[time-nuts] Time tagging fpga
bobdarby at triad.rr.com
Sat Nov 22 10:19:58 EST 2014
The counter runs on a Pipistrello. I looked at the information on the
web about time taggers before starting. I decided to try an
oversampling scheme described by a group of Italian? physicists for a
multichannel time tagging instrument. They used 4x oversampling. My
version is crude; it uses the 50 MHz on-board clock but of course could
use an external clock source. The clock is multiplied to 1 GHz and then
divided into four 125 Hz clocks phased 45 degrees apart. There is a
fifth 125 MHz clock at 0 phase for the main counter and external interface.
There are four channels, each with 3 bits for value and a forth bit
indicating an event. The sixteen bits are followed by a 48 bit counter
The incoming signal is sampled eight times on the positive and inverted
phased clocks. The eight bits are brought back to phase 0 in an eight
stage pipeline. They are decoded based on priority and added to the
front of a 48 bit counter value.
The output is through a 64 bit in, 8 bit out fifo fed to an asynchronous
This yields 1 ns resolution (bin size) but the bins sizes are certainly
not all equal. I have few means to check the accuracy but for my
purposes (logging 100 Hz to 1 Hz zero crossings of a DMTD) it is
certainly more accurate than I need. I have experimented with .5 ns bin
sizes, also using the 8x oversampling with a 250 MHz clock. To keep the
backend 125 MHz structure I used a two phase multiplexer to combine two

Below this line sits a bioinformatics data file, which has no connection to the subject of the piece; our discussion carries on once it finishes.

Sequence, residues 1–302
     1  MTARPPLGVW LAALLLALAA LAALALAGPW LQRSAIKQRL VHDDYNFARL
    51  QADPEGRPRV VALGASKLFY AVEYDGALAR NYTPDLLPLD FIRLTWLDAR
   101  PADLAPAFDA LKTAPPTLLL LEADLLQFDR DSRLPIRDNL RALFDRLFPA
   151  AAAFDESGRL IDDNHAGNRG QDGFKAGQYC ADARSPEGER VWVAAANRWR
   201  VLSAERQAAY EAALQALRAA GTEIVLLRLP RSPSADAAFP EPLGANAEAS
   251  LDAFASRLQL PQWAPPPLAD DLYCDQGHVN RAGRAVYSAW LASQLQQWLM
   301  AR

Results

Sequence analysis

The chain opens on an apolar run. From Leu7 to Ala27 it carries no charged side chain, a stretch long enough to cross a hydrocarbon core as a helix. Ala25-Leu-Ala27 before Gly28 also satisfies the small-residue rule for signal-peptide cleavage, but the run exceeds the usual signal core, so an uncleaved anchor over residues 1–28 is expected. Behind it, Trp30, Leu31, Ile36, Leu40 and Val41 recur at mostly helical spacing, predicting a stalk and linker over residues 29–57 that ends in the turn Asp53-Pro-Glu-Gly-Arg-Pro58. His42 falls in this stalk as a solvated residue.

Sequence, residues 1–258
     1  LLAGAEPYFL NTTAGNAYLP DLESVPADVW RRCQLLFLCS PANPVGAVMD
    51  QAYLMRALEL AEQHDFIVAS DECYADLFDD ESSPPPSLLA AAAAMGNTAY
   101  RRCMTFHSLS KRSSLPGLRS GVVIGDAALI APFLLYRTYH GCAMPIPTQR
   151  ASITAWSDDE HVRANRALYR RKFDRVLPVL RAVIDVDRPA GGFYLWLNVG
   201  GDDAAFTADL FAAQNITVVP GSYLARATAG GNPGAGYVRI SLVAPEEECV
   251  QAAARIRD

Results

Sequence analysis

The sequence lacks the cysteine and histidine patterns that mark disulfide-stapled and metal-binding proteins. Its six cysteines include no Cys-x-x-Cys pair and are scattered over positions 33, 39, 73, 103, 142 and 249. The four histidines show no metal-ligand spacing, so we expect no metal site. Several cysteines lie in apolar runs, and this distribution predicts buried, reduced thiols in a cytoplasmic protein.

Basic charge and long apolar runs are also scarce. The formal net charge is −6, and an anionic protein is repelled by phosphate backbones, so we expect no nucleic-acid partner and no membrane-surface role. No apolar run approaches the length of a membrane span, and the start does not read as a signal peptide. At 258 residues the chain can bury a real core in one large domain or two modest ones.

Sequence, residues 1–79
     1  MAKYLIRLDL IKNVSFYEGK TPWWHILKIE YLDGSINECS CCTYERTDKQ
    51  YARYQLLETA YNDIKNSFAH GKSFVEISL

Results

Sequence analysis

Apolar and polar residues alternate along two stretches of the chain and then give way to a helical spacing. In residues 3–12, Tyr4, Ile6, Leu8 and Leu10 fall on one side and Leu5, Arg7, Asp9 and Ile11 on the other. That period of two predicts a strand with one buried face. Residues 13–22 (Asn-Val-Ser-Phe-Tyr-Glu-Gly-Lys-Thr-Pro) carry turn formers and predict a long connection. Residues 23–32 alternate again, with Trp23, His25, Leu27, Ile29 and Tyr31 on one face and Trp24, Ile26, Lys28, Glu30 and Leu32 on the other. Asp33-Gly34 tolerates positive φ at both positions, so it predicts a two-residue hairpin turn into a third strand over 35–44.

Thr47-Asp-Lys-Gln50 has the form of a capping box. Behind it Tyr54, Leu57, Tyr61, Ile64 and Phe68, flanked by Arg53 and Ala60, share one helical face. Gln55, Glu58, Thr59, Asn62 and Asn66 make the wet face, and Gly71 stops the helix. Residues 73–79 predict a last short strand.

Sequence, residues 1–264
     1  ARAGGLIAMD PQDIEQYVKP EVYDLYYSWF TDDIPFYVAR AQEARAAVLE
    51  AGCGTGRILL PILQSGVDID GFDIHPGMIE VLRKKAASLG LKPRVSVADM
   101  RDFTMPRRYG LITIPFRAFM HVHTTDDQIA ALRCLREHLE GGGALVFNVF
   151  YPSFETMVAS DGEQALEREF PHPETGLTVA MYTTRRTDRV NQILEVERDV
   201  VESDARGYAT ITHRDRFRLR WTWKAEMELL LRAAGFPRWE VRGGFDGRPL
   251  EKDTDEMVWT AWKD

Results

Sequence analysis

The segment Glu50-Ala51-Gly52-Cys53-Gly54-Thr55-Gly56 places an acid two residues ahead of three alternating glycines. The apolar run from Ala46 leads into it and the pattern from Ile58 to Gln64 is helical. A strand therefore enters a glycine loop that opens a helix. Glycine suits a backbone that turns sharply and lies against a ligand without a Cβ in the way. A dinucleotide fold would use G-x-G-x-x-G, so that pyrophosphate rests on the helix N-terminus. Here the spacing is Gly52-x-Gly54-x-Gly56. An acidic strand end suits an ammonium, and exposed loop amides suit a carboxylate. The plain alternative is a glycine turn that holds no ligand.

successive samples. This runs but is not reliable and needs further work
before it's useful.
Now that I can almost comprehend VHDL I'll take a look at the CERN
project. Certainly the notion of a ± 92 ps tag is interesting.
You are of course correct that nothing fancy is needed. My purpose was
to replace the three PicTic counters in the Riley box with something
that I felt was more reliable. Some time back I posted a question
asking if variable dead time has an effect on ADEV readings. I noticed
very strange variations in the slope of the phase difference as the
counts got close to rollover. I wondered if, as the counter went from
lets say 5 sample/s to 2.5 samples/s and then back, this was a problem.
Based on my first trials, the results appear to be better because there
is no dead time and effectively no phase rollover.
I also wanted to learn about VHDL, VDL, and programmable logic. Know
virtually nothing about the subject, a simple time tagging device that I
could put to some use seemed like a good starting point. But again, for
my purposes the 20 ns resolution of the Pic-Tics was more than adequate.
However, I did think that it might also be useful to compare GPS 1 pps
signals and therefore somewhat better resolution would be useful.
As noted in my post last night, the results feed a binary file. I use
several filter programs to extract the channels and the time difference
between the channels. Any competent programmer (which I am not) could
read the stream in real time and write the differences to an ascii file
for each difference. Assuming three clocks you would then need to
open three instances of Timelab.
Thanks for everyone's help and Jon Mile's Timelab.
On 11/22/2014 3:12 AM, Anders Wallin wrote:
> On Sat, Nov 22, 2014 at 5:37 AM, Robert Darby <bobdarby at triad.rr.com> wrote:
>> I finally got the time tagging fpga I was playing with to a semi-usable
>> state. I mentioned in an earlier post that I was unable to compile or link
>> the FTDI library but Magnus Karlsson very kindly rewrote a program of his
>> to provide me with a utility to set up the USB asynchronous parallel
>> interface characteristics on the PC. Only bad thing is you're running
>> blind so it pays to do a short run to make sure all's well before
>> committing to a long capture.
> Interesting! How do you generate a clock (what frequency) for the FPGA?
> Are you using a coarse-counter + interpolator (delay-line?) approach?
> I'm planning to explore this with a Pipistrello (sparta6 LX45) board, which
> has the same fpga used in this work:
> the VHDL is available on ohwr:
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